Two night-fighter subvariants of the F6F-3 were developed; the 18 F6F-3Es were converted from standard-3s and featured the AN/APS-4 10 GHz frequency radar in a pod mounted on a rack beneath the right wing, with a small radar scope fitted in the middle of the main instrument panel and radar operating controls installed on the port side of the cockpit. The later F6F-3N, first flown in July 1943, was fitted with the AN/APS-6 radar in the fuselage, with the antenna dish in a bulbous fairing mounted on the leading edge of the outer right wing as a development of the AN/APS-4; about 200 F6F-3Ns were built. Hellcat night fighters claimed their first victories in November 1943. A total of 4,402 F6F-3s were built through until April 1944, when production was changed to the F6F-5.
The F6F-5 featured several improvements, including a more powerful R-2800-10W engine employing a water-injection system and housed in a slightly more streamlined engine cowling, spring-loaded control tabs on the ailerons, and an improved, clear-view windscreen, with a flat armored-glass front panel replacing the F6F-3's curved plexiglass panel and internal armor glass screen. In addition, the rear fuselage and tail units were strengthened, and apart from some early production aircraft, most of the F6F-5s built were painted in an overall gloss sea-blue finish. After the first few F6F-5s were built, the small windows behind the main canopy were deleted. The F6F-5N night-fighter variant was fitted with an AN/APS-6 radar in a fairing on the outer-starboard wing. A few standard F6F-5s were also fitted with camera equipment for reconnaissance duties as the F6F-5P. While all F6F-5s were capable of carrying an armament mix of one 20-mm (.79-in) M2 cannon in each of the inboard gun bays (220 rounds per gun), along with two pairs of .50-in (12.7-mm) machine guns (each with 400 rounds per gun), this configuration was only used on later F6F-5N night fighters. The F6F-5 was the most common F6F variant, with 7,870 being built.[Note 6]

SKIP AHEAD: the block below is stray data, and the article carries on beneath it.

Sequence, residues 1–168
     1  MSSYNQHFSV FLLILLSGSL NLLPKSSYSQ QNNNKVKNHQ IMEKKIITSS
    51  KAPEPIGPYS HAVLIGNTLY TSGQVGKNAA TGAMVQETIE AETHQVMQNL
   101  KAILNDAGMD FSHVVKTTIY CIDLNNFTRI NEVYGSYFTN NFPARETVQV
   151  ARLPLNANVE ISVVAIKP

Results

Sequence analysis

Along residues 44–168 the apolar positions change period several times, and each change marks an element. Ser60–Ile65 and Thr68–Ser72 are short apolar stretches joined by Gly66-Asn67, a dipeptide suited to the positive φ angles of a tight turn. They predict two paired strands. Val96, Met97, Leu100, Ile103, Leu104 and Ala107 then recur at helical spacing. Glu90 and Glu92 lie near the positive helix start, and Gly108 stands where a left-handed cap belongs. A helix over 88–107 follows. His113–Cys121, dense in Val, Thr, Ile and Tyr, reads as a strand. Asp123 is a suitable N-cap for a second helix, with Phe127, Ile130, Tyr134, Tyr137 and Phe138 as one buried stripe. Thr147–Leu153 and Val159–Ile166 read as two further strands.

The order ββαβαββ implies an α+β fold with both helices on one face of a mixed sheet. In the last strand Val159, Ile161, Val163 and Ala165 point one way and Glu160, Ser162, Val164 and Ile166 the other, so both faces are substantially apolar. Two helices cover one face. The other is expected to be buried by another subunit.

Other prototypes in the F6F series included the XF6F-4 (02981, a conversion of the XF6F-1 powered by an R-2800-27 and armed with four 20-mm M2 cannon), which first flew on 3 October 1942 as the prototype for the projected F6F-4'. This version never entered production and 02981 was converted to an F6F-3 production aircraft. Another experimental prototype was the XF6F-2' (66244), an F6F-3 converted to use a Wright R-2600-15, fitted with a Birman-manufactured mixed-flow turbocharger, which was later replaced by a Pratt & Whitney R-2800-21, also fitted with a Birman turbocharger. The turbochargers proved to be unreliable on both engines, while performance improvements were marginal. As with the XF6F-4, 66244 was soon converted back to a standard F6F-3. Two XF6F-6s (70188 and 70913) were converted from F6F-5s and used the 18-cylinder 2,100 hp (1,566 kW) Pratt and Whitney R-2800-18W two-stage supercharged radial engine with water injection and driving a Hamilton-Standard four-bladed propeller. The XF6F-6s were the fastest version of the Hellcat series with a top speed of 417 mph (671 km/h), but the war ended before this variant could be mass-produced.
The last Hellcat rolled out in November 1945, the total production being 12,275, of which 11,000 had been built in just two years. This high production rate was credited to the sound original design, which required little modification once production was under way.
The U.S. Navy much preferred the more docile flight qualities of the F6F compared with the Vought F4U Corsair, despite the superior speed of the Corsair. This preference was especially noted during carrier landings, a critical success requirement for the Navy, in which the Corsair was fundamentally flawed in comparison. The Corsair was thus released by the Navy to the Marine Corps, which without the need to worry about carrier landings, used the Corsair to immense effect in land-based sorties. The Hellcat remained the standard USN carrier-borne fighter until the F4U series was finally cleared for U.S. carrier operations in late 1944 (the carrier landing issues had by now been tackled largely due to use of Corsair by the Royal Navy Fleet Air Arm, which started in 1943). In addition to its good flight qualities, the Hellcat was easy to maintain and had an airframe tough enough to withstand the rigors of routine carrier operations. Like the Wildcat, the Hellcat was designed for ease of manufacture and ability to withstand significant damage.
The Hellcat first saw action against the Japanese on 1 September 1943, when fighters off USS Independence shot down a Kawanishi H8K "Emily" flying boat. Soon after, on 23 and 24 November, Hellcats engaged Japanese aircraft over Tarawa, shooting down a claimed 30 Mitsubishi Zeros for the loss of one F6F. Over Rabaul, New Britain, on 11 November 1943, Hellcats and F4U Corsairs were engaged in day-long fights with many Japanese aircraft including A6M Zeros, claiming nearly 50 aircraft.
When trials were flown against a captured A6M5 model Zero, they showed that the Hellcat was faster at all altitudes. The F6F out-climbed the Zero marginally above 14,000 ft (4,300 m) and rolled faster at speeds above 235 mph (378 km/h). The Japanese fighter could out-turn its American opponent with ease at low speed and enjoyed a slightly better rate of climb below 14,000 ft (4,300 m). The trials report concluded: